Osteosarcoma: A Detailed Review

Download Osteosarcoma: A Detailed Review

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It is a presentation covering all the important aspects of the 2nd most common tumor, osteosarcoma in extensive details.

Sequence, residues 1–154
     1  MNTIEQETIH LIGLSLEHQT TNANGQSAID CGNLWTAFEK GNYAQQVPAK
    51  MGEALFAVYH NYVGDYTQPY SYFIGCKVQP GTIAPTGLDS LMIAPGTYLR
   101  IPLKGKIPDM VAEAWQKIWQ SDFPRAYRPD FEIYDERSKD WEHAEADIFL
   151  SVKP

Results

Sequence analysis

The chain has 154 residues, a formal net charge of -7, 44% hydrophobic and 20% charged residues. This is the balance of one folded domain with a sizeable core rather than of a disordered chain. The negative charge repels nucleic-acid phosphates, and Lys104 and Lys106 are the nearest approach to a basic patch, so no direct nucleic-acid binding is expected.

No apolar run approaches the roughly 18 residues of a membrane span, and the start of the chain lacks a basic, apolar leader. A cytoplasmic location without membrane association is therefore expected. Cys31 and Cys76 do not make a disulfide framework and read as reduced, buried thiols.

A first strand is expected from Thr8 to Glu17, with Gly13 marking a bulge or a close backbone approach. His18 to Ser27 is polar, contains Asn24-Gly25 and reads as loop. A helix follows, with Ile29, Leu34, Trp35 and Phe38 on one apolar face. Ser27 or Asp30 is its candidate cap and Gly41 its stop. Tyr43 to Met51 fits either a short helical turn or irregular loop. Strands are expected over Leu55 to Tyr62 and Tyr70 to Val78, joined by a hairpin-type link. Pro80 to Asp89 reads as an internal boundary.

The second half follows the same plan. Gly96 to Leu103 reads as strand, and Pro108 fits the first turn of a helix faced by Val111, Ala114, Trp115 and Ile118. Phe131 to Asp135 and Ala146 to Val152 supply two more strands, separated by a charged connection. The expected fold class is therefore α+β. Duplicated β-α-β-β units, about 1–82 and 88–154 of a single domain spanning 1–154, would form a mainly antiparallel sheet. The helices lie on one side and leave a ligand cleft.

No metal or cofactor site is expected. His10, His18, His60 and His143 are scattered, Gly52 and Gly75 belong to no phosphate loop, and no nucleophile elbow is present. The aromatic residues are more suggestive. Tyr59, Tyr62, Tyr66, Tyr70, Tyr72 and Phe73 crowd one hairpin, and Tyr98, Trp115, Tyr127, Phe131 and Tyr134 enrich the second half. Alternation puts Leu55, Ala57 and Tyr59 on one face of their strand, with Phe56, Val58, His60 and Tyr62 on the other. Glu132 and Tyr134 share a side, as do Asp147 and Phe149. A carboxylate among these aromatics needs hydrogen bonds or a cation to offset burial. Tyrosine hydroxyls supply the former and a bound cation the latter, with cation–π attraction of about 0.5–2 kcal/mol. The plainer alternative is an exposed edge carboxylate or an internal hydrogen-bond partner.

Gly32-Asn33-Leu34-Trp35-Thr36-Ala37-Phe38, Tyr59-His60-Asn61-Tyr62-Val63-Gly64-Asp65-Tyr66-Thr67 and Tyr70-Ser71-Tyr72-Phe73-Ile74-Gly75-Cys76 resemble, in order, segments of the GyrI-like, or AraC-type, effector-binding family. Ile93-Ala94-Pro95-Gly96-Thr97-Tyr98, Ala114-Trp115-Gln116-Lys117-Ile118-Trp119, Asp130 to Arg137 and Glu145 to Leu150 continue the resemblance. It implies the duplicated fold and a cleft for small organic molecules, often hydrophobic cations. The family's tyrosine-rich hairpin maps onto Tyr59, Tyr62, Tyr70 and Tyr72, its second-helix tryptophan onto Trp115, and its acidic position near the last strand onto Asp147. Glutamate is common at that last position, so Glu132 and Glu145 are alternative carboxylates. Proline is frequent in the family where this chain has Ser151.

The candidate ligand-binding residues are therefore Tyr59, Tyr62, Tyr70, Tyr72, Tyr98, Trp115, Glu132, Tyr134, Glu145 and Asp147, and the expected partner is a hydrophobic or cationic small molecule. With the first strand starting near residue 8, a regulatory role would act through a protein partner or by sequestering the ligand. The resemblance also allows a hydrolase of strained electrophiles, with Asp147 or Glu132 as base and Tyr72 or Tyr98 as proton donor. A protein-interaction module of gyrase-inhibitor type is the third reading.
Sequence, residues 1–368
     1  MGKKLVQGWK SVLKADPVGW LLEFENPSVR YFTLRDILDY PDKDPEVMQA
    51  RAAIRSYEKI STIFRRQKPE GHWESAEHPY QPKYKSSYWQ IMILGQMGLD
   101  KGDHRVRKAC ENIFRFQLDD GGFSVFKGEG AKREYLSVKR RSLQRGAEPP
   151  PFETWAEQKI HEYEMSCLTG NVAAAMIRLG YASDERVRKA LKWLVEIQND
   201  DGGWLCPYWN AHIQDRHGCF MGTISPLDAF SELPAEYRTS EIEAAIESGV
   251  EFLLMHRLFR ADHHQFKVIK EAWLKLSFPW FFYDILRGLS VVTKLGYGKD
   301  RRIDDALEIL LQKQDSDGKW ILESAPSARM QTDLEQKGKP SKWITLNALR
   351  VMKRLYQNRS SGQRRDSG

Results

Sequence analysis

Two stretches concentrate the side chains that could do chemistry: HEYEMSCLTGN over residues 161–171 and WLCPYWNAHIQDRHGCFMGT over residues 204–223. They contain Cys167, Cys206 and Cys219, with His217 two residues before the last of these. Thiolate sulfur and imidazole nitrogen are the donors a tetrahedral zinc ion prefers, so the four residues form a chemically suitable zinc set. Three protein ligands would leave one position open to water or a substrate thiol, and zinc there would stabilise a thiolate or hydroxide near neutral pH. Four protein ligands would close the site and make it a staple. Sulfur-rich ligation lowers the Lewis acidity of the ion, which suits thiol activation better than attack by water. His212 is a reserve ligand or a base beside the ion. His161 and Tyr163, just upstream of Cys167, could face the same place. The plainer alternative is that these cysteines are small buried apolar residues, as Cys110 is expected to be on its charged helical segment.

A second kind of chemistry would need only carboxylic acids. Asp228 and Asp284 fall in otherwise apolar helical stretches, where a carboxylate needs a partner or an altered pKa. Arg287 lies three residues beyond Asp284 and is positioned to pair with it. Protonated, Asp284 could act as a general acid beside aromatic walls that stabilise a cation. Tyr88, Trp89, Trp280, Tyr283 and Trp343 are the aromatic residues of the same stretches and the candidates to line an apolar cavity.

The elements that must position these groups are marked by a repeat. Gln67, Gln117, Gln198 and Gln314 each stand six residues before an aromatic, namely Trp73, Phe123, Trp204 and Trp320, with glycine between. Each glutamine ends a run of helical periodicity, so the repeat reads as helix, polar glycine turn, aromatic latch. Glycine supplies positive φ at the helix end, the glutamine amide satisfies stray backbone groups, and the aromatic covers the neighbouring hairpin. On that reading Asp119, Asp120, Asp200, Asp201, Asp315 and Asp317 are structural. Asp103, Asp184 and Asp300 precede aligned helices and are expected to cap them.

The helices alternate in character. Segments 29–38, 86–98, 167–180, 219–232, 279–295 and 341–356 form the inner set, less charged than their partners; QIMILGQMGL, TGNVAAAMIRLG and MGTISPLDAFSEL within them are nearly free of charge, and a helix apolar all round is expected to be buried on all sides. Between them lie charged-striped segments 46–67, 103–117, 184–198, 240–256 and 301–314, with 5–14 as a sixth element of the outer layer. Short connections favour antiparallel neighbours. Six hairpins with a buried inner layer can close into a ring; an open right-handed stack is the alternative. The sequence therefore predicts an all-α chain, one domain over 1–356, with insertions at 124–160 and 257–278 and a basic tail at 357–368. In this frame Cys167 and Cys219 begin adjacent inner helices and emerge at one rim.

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<ul><li>1.OSTEOSARCOMA</li></ul> <p>2. INTRODUCTION 20% OF ALL PRIMARY BONE TUMOR SECOND-MOST COMMON PRIMARY MALIGNANCY OF BONE INCIDENCE: 1 TO 3 PER MILLION PER YEAR MALE: FEMALE1.6:1(EXCEPT PAROSTEAL VARIETY) AGE: CONVENTIONAL2ND DECADE 3. SITE AROUD THE KNEE JT.(ARISING MAINLY FROM METAPHYSIS;INTRAMEDULLARY REGION) 52% --LOWER END OF FEMUR20%-- UPPER END OF TIBIA 9% -- UPPER END OF HUMERUS 4. PREDISPOSING FACTORS : RADIATION VIRAL INFECTION: PLYOMA VIRUS/HARVEY VIRUS CHEMICALS:BERYLLIUM 20-METHYL CHOLANTHRENE 5. CLINICAL FEATURES PRESENTING FEATURES: - PAIN(NIGHT PAIN) -SOMETIMES ONLY TIREDNESS &amp; LIMP -PALPABLE MASS -SKIN CONDITIONS TO BE EXAMINED CAREFULLY H/O TRAUMA SOMETIMES DRAWS ATTENTION 6. ASSOCIATED FEATURES EFFUSION &amp; SWELLING OF NEARBY JOINTS FEVER PALLOR &amp; CACHEXIA REGIONAL LN FEATURES ASSOCIATED WITH PULMONARY METASTASIS PATHOLOGICAL # 7. OSTEOSARCOMA 8. CONTD.DISTAL NEUROVASCULAR DEFICITS AND PRESSURE SYMPTOMS .MAY BE ASSOCIATED WITH 9. CLASSIFICATION PRIMARY OSTEOSARCOMA SECONDARY OSTEOSARCOMA 10. CLASSIFICATION: WHO (PRIMARY OSTEOSARCOMA) CENTRAL(MEDULLARY) SURFACE(PERIPHERAL) 11. CENTRAL(MEDULLARY) CONVENTIONAL TELANGIECTATIC INTRAOSSEOUS/INTAMEDULLARY (WELL-DIFFERENTIATED/LOW-GRADE) SMALL CELL OSTEOSARCOMA 12. SURFACE(PERIPHERAL) PAROSTEAL(LOW-GRADE) PERIOSTEAL(LOW TO INTERMEDIATE GRADE) HIGH-GRADE SURFACE OSTEOSARCOMA 13. SECONDARY OSTEOSARCOMA -PAGETS DISEASE -RADIATION -BENIGN PRE-EXISTING CONDITIONS [OSTEOCHONDROMA 14. SECONDARY OSTEOSARCOMA OLDER AGE GROUP PROGNOSIS POOR LONG HO DULL ACHING PAIN&amp;RECENT LYTIC DESTRUCTION 15. PATHOLOGY: MACROSCOPY Typical osteosarcoma presents as a large illdefined lesion in the metaphyseal region of the involved bone. It typically destroys cortex and frequently extends inwards marrow cavity and outwards into the adjacent soft tissue. 16. PATHOLOGY: MACROSCOPY Tumour often elevates periosteum to produce codmans triangle on radiograph. It also produces sunray appearance due to vessels which pass from the periosteum to the cortex &amp; along which bone is laid down &amp; some of the new bone may be reactionary 17. PATHOLOGY: MACROSCOPY LARGE ILL-DEFINED LESION IN THE METAPHYSEAL REGION OF LONG BONE LEG OF MUTTON APPEARANCE STONY-HARD TO SOFT AND GRITTY IN CONSISTENCY AREAS OF HAEMORRHAGE &amp; NECROSIS COLOUR: WHITE : YELLOW : BLUISH WHITE:FIBROBLASTIC OSTEOBLASTIC CARTILAGENOUS 18. CONTD CODMANS TRIANGLE ---DUE TO SUBPERIOSTEAL NEW BONE FORMATION SUNRAY APPEARANCE ---DUE TO BONE DEPOSITION IN SUB-PERIOSTEAL SPACE ALONG THE VESSELS 19. SUNRAY APPEARENCE 20. PATHOLOGY:MICROSCOPY LICHTENSTENS CRITERIA TO IDENTIFY OSTEOSARCOMA : 1)SARCOMATOUS STROMA 2)SPINDLE CELLS. 3) DIRECT FORMATION OF NEOPLASTIC OSTEOID AND BONE. 21. PATHOLOGY:MICROSCOPY Hallmark of osteosarcoma is the formation of osteoid by malignant mesenchymal cells . The neoplastic mesenchymal cells in between osteoid &amp; cartilage elements may be spindle shaped and pleomorphic with bizarre hyperchromatic nuclei and frequent mitotic figures. Giant cells may be present. 22. RADIOLOGIC INVESTIGATIONS PLAIN RADIOGRAPH(X-RAY) CT SCAN MRI SCAN BONE SCAN 23. RADIOLOGY ARISES IN THE METAPHYSIAL REGION OF A LONG BONE OUTGROWS FROM THE MEDULLARY CANAL TO EXTRASKELETAL REGION DISPLAYS REPRESENTATIVE FEATURES OF A MALIGNANT LESION- PERMEATIVE GROWTH PATTERN/INDISTINCT MARGINS/CORTICAL EROSION 24. RADIOLOGY.. PERIOSTEAL REACTION WITH FORMATION OF CODMANS TRIANGLE/SUNBURST APPEARANCE WIDE VARIETY OF RADIOGRAPHIC APPEARANCE LIKE BONE CYST 25. RADIOLOGY.. CT SCAN AND MRI SCAN ARE NOT AS INSTRUMENTAL AS PLAIN RADIOGRAPH BONE SCAN IS USEFUL TO DETECT METASTASIS 26. RADIOLOGY..MRI SCAN EXCELLENT FOR DESCRIBING LESIONS IN THE MARROW CAVITY HELPFUL TO DETERMINE THE LEVEL OF RESECTION USEFUL FOR SCREENING SKIP LESIONS CAN DETECT MEDULLARY INVASION IN CASE OF JUXTACORTICAL TUMORS CAN DETECT EPIPHYSEAL INVOLVEMENT AND PENETRATION OF PHYSEAL CARTILAGE 27. DIAGNOSIS HISTORY CLINICAL EXAMINATION HAEMATOLOGY RADIOLOGICAL INVESTIGATIONS HISTOPATHOLOGIC EXAMINATION 28. MANAGEMENT: MULTIDISCIPLINARY APPROACH PRIMARY CARE PHYSICIAN ORTHOPAEDIC SURGEON RADIATION ONCOLOGIST PATHOLOGIST PHYSIOTHERAPIST REHABILITATION SPECIALIST SOCIAL WORKERS &amp; OTHERS 29. TREATMENT OPTIONS CHEMOTHERAPY SURGERY RADIOTHERAPY 30. CHEMOTHERAPY Introduction of systemic chemotherapy has dramatically improved survival rates. Before the routine use of chemotherapy treatment was immediate wide or radical amputation 80% patients died of metastasis eventually, though metastasis was not evident on presentation. 31. CHEMOTHERAPY NEO-ADJUVANT CHEMOTHERAPY: CT ADMINISTERED BEFORE THE SURGICAL RESECTION OF PRIMARY TUMOUR ADJUVANT CHEMOTHERAPY: CT ADMINISTERED POSTOPERATIVELY TO TREAT PRESUMED MICRO-METASTASIS 32. NEO-ADJUVANT CHEMOTHERAPY IT SHRINKS THE TUMOUR MASS , MAKING IT EASIER FOR OPERATION IT DECREASES THE SPREAD OF TUMOUR CELLS DURING SURGERY, T/T AGAINST POTENTIAL MICRO-METASTASIS STARTED IMMEDIATELY, (IT ALSO GIVES IDEA ABOUT RESPONSIVENESS &amp; EFFECTIVENESS OF THE CHEMOTHERAPEUTIC AGENT TO THE TUMOUR) 33. NEO-ADJUVANT CHEMOTHERAPY DISADVANTAGES IT MAY INCREASE PERI-OPERATIVE COMPLICATIONS(DELAYED WOUND HEALING, INFECTION) NAUSEA, VOMITING AND OTHER TOXICITIES MAY CAUSE DELAY IN SURGERY. 34. MANAGEMENT LOW GRADE OSTEOSARCOMA-- TREATED BY SURGERY ALONE. HIGH GRADE OSTEOSARCOMA-- TREATED BY NEO-ADJUVANT CHEMOTHERAPY SURGERY ADJUVANT CHEMOTHERAPY, 35. MANAGEMENT AFTER INDUCTION OF CHEMOTHERAPY(LASTING ABOUT 2 MONTHS) SURGICAL RESECTION IS TO BE CARRIED OUT. SURGERY IS CONTEMPLATED 3-4 WEEKS AFTER LAST DOSE OF CHEMOTHERAPEUTIC AGENT ADJUVANT CHEMOTHERAPY AGAIN STARTED 2 WEEKS AFTER OPERATION 36. COMMON AGENTS USED DOXORUBICIN 60-75 MG/M CARDIOTOXICITY, CISPLATIN -- 50-100 MG /M NEPHROTOXICITY VINCRISTINE -- 1.5 MG /M,WEEKLY PERIPHERAL NEUROPATHY METHOTREXATE 500-1000 MG/M IV MEGALOBLASTIC ANAEMIA, PANCYTOPENIA 37. CONTD CYCLOPHOSPHAMIDE &amp; IFOSFAMIDE -- 1-1.5 G/M B S A HAEMORRHAGIC CYSTITIS DACARBAZINE 250MG/MBSA FLU LIKE SYNDROME DACTINOMYCIN ERYTHEMA MYELOSUPPRESION 38. CONTD ROUTE OF ADMINISTRATION INTRAVENOUS ORAL &amp; INTRAMUSCULAR INTRA ARTERIAL 39. INTRA-ARTERIAL ADM OF CHEMOTHERAPY HIGHER CYTOTOXIC CONC. DIRECTED AGAINST TARGET TISSUE CISPLATIN MOST SUCCESSFUL AGENT INFLUENCING FACTORS PRETREATMENT ANGIOGRAPHY, CATHETER PLACEMENT, 40. RESPONSE TO PREOPERATIVE CHEMOTHERAPY ASSESSED BY CLINICAL RADIOGRAPHIC ANGIOGRAPHIC PATHOLOGICAL PARAMETERS 41. RADIATION THERAPY ROLE OF RADIOTHERAPY IS LIMITED IN THE TREATMENT OF OSTEO-SARCOMA --A RELATIVELY RADIO-RESISTANT TUMOR. RADIATION THERAPY CAN PALLIATE PAIN FROM LOCAL RECURRENCE AND PREVENT NEED FOR AMPUTATION IN PATIENTS WHO ARE PRESENTED WITH DISTANT METASTASIS 42. RADIATION THERAPY INDICATIONS POST-OPERATIVE -- WHERE SURGICAL MARGIN IS INVOLVED PALLIATION OF PAIN FROM PRIMARY TUMOUR IN THE PRESENCE OF METASTATIC DISEASE RADICAL TREATMENT OF INOPERABLE SITES (SKULL, VERTEBRA, ILIUM, SACRUM) BILATERAL LUNG IRRADIATION IN PULMONARY METASTASIS 43. RADIATION THERAPY EXTERNAL BEAM RADIATION BY LINEAR ACCELERETER. BRACHYTHERAPY LIMITED ROLE IORT SINGLE DOSE,IN SPECIALLY PREPARED OT 44. RADIATION THERAPY AC. SIDE EFFECTS SKIN REACTION MILD FATIGUE ANOREXIA ALTERED SLEEP &amp; REST CYCLE LATE EFFECTS LYMPHATIC &amp; VASCULAR OBST. OSTEO-NECROSIS JOINT STIFFNESS RADIATION INDUCED SARCOMAS 45. SURGERY SURGERY IS THE MAINSTAY OF THERAPY LIMB SACRIFICING SURGERY OR LIMB SALVAGING SURGERY ? 46. PRINCIPLES OF SURGERY CHOICE BETWEEN LIMB SALVAGE SURGERY AND AMPUTATION MUST BE MADE ON THE BASIS OF THE EXPECTATIONS AND DESIRES OF THE INDIVIDUAL PATIENT AND THE FAMILY. 47. PRINCIPLES OF SURGERY POINTS TO BE STRESSED SURVIVAL AFTER THE PROCEDURES SHORT AND LONG TERM MORBIDITY FUNCTION OF SALVAGED LIMB COMPARED TO PROSTHETICS PSYCHOSOCIAL CONSEQUENCES 48. PRINCIPLES OF SURGERY ADVANCES IN DIAGNOSTIC IMAGING CHEMOTHERAPY (NEO-ADJUVANT CHEMOTHERAPY) SURGICAL TECHNIQUES .HAVE MADE LIMB SALVAGE SURGERY A REASONABLE OPTION 49. LIMB SALVAGE SURGERY SURGICAL PROCEDURES DESIGNED TO ACCOMPLISH REMOVAL OF MALIGNANT TUMOURS &amp; RECONSTRUCTION OF THE LIMB WITH AN ACCEPTABLE ONCOLOGIC, FUNCTIONAL &amp; COSMETIC RESULTS. 50. LIMB SALVAGE SURGERY NEW SURGICAL TECHNIQUES. PROGNOSIS IMPROVED GREATLY. 51. LIMB SALVAGE SURGERY THREE IMPORTANT DEVELOPMENTS 1. Improvement in chemotherapy In early 70s methotrexate and adriamycin was introduced. 2. Improvement in imaging techniques development of CT &amp; MRI in late 70s. 3. Advances in micro- surgical techniques 52. GUIDELINES NO INVOLVEMENT OF MAJOR NEUROVASCULAR STRUCTURES WIDE RESECTION OF AFFECTED BONE WITH A NORMAL MUSCLE CUFF ALL AROUND EN-BLOCK REMOVAL OF ALL BIOPSY SITES &amp; CONTAMINATED TISSUE 53. GUIDELINES (contd.) RESECTION OF BONE 3-4 CM BEYOND ABNORMAL UPTAKE RESECTION OF ADJOINING JOINT &amp; CAPSULE. ADEQUATE MOTOR RECONSTRUCTION ADEQUATE SOFT TISSUE COVERAGE. 54. SURGICAL MARGINS IN ONCOLOGY 55. METHODS BONE GRAFTING AUTOLOGUS GRAFT : VASCULARISED GRAFT ALLOGENIC GRAFT : BONE BANK ROTATIONPLASTY RESECTION/ARTHRODESIS PROSTHESIS COMPOSITE ALLOGRAFT PROSTHETIC COMPOSITES 56. CONTRAINDICATIONS DISPLACED PATHOLOGICAL FRACTUREINAPPROPRIATE BIOPSY SITEINFECTIONSKELETAL IMMATURITYMAJOR NEUROVASCULAR INVOLVEMENTEXTENSIVE MUSCLE INVOLVEMENT 57. LIMB SALVAGE SURGERY LIMB SALVAGE SURGERY HAS BECOME AN ACCEPTED STANDARD OF CARE FOR PATIENTS WITH SKELETAL MALIGNANCIES INCLUDING OSTEOSARCOMA MANY PATIENTS WHO ONCE WOULD HAVE HAD AN AMPUTATION ARE NOW HAVING THEIR LIMB SAVED 58. TREATMENT OF PULMONARY METASTASIS LOCAL RECURRENCE SECONDARY DISEASE 59. PRONOSTIC FACTORS EXTENT OF DISEASE AT THE TIME OF DIAGNOSIS GRADE OF THE LESION SIZE OF THE TUMOUR LOCATION OF THE TUMOUR PAGETS SARCOMA RADIATION INDUCED SARCOMA RADIATION INDUCED NECROSIS 60. THANK YOU </p>